Type I audits and reports can be completed in a matter of weeks.
Type II audits
These evaluate the same factors as the Type I audits, but they also analyze operational effectiveness over a timeframe — generally, three to 12 months.
Audits must be performed annually to maintain SOC 2 compliance. Thus, auditors monitor systems for a period of time instead of performing a single audit.
Now, both types are nearly the same, with the differences mainly being the time involved.
Type II audits take a require a more significant investment in both time and resources. However, certain types of clients — usually those that regularly deal with sensitive customer data — will often only work with firms that have a SOC 2 Type II report.
For example, clients in the banking and insurance industries may only work with you if you successfully underwent a Type II audit since they handle customer money and financial data.
The SOC 2 report
As mentioned, your SOC 2 report can serve as proof of your adherence since there’s no official certification.
This report will contain several sections.
Assertion tells the reader if your systems are represented fairly in the report and if they meet the trust principles you specified and sought to meet.
Independent service auditor’s report
This contains the auditor’s professional opinion about how well your controls follow the trust standards you specified.
This contains a description of your service organization, including details about your firm’s industry and location. It includes a summary of your data security controls and why you need them.
The infrastructure section provides a detailed list of data, people, policies, processes, software, and technology your organization deals with. It also includes info about third-party providers if you outsource to any.
Relevant aspects of the control environment:
This part explains the most important aspects of your internal control environment:
- Information systems
- Risk assessment policies/processes
- Monitoring strategies.
Complementary user-entity controls
This section details how you’re implementing your internal controls to bolster your firm’s security.
Trust service principles, criteria related controls, and tests of controls
In this part, the report discusses your system of controls and how effective they are at achieving each of the trust principles you sought to come into compliance with.
Several potential parties may need to read or use the SOC 2 report, including:
- Current and prospective customers: Customers are interested in how you handle their data and if it’s secure for obvious reasons.
- Business partners: Business partners want to know what kinds of internal controls are in place to keep data safe and prevent costly breaches.
- External auditors: External auditors may examine internal controls surrounding customer data security.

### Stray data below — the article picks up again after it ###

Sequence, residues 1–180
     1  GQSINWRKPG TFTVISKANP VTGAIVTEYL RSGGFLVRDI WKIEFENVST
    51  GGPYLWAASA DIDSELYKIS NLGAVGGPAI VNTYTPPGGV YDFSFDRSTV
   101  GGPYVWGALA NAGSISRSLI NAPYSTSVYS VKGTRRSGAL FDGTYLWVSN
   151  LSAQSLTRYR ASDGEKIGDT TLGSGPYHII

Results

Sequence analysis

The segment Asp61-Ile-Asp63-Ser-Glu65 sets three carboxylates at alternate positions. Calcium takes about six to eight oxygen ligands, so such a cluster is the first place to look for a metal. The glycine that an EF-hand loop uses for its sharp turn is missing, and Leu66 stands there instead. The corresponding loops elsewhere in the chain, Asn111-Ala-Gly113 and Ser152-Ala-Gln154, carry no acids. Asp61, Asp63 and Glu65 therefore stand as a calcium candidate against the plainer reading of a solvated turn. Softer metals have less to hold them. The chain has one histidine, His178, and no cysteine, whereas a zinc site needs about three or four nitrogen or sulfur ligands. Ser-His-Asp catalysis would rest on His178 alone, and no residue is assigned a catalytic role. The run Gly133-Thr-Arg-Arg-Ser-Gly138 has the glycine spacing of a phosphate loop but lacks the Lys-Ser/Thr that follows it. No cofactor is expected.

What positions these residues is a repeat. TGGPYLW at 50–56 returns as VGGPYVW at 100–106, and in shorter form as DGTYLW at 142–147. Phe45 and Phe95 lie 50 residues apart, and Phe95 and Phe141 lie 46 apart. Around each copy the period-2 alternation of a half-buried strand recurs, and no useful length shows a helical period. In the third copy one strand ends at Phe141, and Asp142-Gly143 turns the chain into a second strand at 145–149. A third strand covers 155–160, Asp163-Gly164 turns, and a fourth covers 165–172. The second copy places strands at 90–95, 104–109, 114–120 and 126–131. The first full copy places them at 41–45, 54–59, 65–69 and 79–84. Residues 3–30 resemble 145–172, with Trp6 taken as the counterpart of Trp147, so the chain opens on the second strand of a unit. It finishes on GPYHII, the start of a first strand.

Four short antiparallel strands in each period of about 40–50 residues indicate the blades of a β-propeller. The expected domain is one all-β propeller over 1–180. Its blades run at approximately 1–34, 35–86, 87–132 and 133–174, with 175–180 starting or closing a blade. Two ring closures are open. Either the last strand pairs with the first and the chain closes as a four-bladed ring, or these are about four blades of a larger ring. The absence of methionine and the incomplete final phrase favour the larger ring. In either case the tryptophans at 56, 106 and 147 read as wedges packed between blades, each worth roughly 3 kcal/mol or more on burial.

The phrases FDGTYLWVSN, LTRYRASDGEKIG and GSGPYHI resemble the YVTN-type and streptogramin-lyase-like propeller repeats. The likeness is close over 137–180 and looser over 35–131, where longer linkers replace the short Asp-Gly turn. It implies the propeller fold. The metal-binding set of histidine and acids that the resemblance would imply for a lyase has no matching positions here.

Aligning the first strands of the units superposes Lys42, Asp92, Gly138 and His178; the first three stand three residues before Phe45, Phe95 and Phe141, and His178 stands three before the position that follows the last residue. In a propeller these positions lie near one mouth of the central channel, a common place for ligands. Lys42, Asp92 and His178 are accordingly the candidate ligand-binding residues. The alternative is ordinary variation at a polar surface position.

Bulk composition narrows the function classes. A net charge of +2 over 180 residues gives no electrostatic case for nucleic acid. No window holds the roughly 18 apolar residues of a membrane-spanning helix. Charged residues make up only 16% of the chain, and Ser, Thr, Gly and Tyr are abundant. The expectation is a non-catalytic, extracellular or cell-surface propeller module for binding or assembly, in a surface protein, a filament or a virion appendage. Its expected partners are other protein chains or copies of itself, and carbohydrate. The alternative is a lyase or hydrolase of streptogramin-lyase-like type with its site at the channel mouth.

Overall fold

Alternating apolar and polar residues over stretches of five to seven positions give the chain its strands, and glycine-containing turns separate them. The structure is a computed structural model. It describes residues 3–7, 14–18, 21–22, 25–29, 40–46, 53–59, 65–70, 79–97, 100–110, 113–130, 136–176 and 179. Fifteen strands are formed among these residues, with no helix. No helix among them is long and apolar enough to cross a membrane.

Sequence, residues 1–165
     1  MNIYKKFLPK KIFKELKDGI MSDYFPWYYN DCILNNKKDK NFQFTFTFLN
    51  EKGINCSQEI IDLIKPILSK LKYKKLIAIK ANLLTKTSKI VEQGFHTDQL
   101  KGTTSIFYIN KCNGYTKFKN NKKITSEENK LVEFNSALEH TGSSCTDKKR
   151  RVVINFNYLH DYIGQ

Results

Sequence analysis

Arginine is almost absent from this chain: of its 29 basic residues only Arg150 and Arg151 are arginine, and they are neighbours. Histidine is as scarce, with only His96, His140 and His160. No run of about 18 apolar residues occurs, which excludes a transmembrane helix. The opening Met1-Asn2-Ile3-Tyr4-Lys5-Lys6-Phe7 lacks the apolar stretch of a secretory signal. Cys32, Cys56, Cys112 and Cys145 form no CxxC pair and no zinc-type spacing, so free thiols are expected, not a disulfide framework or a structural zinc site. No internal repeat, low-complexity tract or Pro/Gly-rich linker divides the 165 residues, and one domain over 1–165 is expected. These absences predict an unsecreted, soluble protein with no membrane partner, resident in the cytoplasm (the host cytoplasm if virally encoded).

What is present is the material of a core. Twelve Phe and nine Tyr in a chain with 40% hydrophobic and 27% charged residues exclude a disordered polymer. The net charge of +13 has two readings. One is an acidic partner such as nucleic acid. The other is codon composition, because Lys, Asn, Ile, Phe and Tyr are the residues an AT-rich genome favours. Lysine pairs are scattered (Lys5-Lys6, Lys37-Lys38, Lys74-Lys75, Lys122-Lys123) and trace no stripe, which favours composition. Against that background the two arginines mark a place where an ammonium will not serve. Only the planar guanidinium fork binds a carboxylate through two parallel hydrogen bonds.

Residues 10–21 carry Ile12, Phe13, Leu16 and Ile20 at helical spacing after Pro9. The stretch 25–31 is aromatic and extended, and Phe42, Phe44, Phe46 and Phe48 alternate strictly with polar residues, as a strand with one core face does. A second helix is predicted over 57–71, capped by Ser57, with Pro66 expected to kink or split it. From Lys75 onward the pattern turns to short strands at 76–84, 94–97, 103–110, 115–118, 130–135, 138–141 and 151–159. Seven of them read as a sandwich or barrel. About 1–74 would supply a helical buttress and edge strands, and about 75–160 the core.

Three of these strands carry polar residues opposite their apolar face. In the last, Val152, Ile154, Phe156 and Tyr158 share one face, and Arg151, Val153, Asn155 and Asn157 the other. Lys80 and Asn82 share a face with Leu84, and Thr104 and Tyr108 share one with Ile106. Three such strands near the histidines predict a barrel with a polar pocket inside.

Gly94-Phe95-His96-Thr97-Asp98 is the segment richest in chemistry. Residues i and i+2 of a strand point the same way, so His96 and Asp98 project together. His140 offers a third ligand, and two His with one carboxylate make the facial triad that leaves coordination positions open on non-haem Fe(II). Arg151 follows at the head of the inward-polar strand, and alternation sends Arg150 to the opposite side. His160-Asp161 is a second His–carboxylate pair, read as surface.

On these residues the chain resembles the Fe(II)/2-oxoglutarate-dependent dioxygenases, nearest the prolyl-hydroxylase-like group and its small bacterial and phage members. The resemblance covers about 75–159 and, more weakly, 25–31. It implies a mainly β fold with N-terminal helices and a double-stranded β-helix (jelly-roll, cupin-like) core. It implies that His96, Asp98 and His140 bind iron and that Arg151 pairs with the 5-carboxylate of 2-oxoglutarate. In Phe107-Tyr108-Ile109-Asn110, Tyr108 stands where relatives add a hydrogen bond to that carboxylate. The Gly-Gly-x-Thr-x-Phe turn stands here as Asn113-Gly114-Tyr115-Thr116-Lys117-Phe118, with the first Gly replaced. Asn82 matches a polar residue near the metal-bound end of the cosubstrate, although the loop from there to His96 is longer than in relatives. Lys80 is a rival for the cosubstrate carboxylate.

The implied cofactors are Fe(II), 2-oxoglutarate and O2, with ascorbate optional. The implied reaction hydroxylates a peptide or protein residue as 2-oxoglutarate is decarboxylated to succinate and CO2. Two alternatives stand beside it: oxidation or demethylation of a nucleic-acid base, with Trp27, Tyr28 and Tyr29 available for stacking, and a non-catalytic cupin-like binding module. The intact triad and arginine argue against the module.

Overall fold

- Regulators: Regulators check to ensure a firm’s controls and systems comply with all applicable laws and regulations.
Why should you get a SOC 2 report?
Becoming SOC 2 compliant can require a significant investment of your time and financial resources. However, the payoff is immense.
Here are some of the many benefits you’ll enjoy by achieving and maintaining SOC 2 compliance in your organization.
Sets you apart and attracts more customers
Every company that does anything online claims that they’re secure and handle your data with care.
However, these claims are empty without evidence — and a formal SOC 2 audit provides that evidence.
Reaching and maintaining SOC 2 compliance demonstrates that you actually do have top-notch security and that you’re committed to keeping your customers’ data safe and sound. This can stick in peoples’ minds and even capture prospects that are on the fence.
Then, you can market your compliance as your adherence to the most rigorous security standards could sway prospective customers.
Protects your brand’s reputation
2020 saw a massive 1,001 data breaches. That’s close to double the 662 data breaches we saw in 2010.
Each one of those data breaches could affect a substantial number of customers, exposing their data to cybercriminals.
Accidental data exposures were frequent, too. These often result from weak internal cybersecurity controls and processes — an example being leaving a massive database unprotected and accessible online.
Some 156 million people had data exposed through human error and oversight in 2020.
The lesson here is that you can have the greatest brand in the world, but if your security is lacking and you experience a data breach, your brand’s reputation will crash.
SOC 2 processes and controls in your organization minimize the chance of these events occurring, protecting your brand in a world of unauthorized data access.